Background. In recent years investigators have reported widespread use of alternative medicine. Some herbal therapies have potentially harmful side effects as well as adverse interactions with medications. Data are lacking on the use in children and caregiver understanding of these products.
Objectives. To determine the reported use of herbal products among a pediatric emergency department population and to evaluate the caregivers’ understanding and source of information concerning these products.
Design/Methods. A convenience sampling of pediatric emergency department patients and their caregivers occurred during a 3-month period in 2001. The interview consisted of 18 questions regarding the types of non-Food and Drug Administration-regulated herbal products and home remedies used, general product knowledge and sources of information used by the child’s caregiver (including discussions with their child’s primary physician).
Results. One hundred forty-two (93%) of 153 families approached participated in the study. The mean patient age was 5.3 years (range: 3 weeks-18 years). Forty-five percent of caregivers reported giving their child an herbal product, and 88% of these caregivers had at least 1 year of college education. Of the children receiving these therapies, 53% had been given 1 type and 27% were given 3 or more in the past year. The most common therapies reportedly used were aloe plant/juice (44%), echinacea (33%), and sweet oil (25%). The most dangerous potential herbal and prescription medication combination reported was ephedra and albuterol in an adolescent with asthma. The most unusual products reportedly used included turpentine, pine needles, and cowchips. Of all people interviewed, 77% did not believe or were uncertain if herbal products had any side effects and only 27% could name a potential side effect. Sixty-six percent were unsure or thought that herbal products did not interact with other medications and only 2 people correctly named a drug interaction. Of the people who used these therapies, 80% reported either friends or relatives as their primary source of information. Only 45% of those giving their children herbal products report discussing the use with their child’s primary health care provider.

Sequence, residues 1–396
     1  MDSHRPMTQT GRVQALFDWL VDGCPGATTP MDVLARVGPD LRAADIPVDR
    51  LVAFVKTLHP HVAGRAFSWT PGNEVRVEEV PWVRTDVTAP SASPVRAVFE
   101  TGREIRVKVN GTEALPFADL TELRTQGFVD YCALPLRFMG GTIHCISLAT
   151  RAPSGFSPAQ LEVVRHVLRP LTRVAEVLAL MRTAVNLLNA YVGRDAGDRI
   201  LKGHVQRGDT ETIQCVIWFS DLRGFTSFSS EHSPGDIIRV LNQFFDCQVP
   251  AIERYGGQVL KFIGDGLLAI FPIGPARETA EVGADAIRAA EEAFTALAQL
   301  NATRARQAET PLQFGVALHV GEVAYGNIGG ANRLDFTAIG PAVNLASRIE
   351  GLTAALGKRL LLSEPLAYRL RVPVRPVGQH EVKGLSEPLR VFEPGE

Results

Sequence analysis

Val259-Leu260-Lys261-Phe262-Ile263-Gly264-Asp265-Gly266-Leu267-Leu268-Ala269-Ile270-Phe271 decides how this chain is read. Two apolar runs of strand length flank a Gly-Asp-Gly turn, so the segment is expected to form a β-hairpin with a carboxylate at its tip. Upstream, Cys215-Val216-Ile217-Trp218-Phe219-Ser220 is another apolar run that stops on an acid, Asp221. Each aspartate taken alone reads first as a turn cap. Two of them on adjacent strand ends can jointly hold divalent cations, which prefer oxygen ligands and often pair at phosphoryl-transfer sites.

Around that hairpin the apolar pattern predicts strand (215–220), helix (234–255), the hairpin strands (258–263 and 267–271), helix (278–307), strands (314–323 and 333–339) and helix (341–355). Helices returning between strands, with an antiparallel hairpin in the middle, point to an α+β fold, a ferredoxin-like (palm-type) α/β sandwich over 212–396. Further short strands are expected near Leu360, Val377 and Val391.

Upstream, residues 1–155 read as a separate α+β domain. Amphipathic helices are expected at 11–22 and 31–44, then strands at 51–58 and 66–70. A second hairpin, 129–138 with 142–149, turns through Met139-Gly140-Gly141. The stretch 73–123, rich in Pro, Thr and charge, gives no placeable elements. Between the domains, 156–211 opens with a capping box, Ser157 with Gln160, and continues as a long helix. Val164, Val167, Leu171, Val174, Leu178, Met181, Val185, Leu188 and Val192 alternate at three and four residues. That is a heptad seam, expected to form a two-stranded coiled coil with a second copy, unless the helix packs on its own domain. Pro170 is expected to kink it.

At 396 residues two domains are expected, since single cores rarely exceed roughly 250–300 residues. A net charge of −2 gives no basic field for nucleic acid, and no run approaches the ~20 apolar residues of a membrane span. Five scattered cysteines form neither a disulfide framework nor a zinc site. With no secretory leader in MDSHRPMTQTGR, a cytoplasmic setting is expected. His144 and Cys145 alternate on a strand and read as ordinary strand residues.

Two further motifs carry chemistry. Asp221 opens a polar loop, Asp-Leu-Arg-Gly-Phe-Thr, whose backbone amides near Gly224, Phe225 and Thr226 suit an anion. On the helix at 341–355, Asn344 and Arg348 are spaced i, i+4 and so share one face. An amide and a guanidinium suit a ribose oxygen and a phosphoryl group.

Conclusion. Herbal and home therapies are commonly used in this pediatric population. An unexpectedly wide variety of products were reportedly given to this patient population. Caregivers reported limited knowledge regarding potential adverse medication interactions and side effects. Limited discussions with the child’s primary health care provider were reported. It is therefore important for health care providers to have knowledge about herbal medications, to inquire about their use and to educate families about the risk/benefit as well as potential interactions these products may have with over-the-counter and prescription medications.
In recent years, several investigators have reported widespread use of alternative medicine in North America. Alternative medicine is a poorly defined term that encompasses a wide spectrum of purported medicinal agents. Examples include such substances as herbal and homeopathic products as well as care provided by chiropractors, massage therapists, and homeopaths. Eisenberg et al1 showed an almost fivefold increase in adult use of herbal therapies in the United States between 1990 and 1997. In 2 adult studies, 1 in New York and 1 in California, 56% and 43%, respectively, of respondents reported using a form of alternative medicine.2,3 In 1994, a Canadian study reported 11% of patients seen at a pediatric outpatient department of a university-based hospital used some form of alternative therapy.4 A study in 1997 comparing the use of alternative therapies in children with cancer and children without chronic illness showed alternative therapy use of >50% in both groups.5 In 1999, Pitetti et al6 found the overall rate of alternative medicine use in their pediatric emergency department (PED) was 12% with almost half of those patients being given an herbal or homeopathic remedy. Although there are adult studies that report on the specific use patterns of herbal therapies, a paucity of data exists concerning the use of these products among pediatric patients.3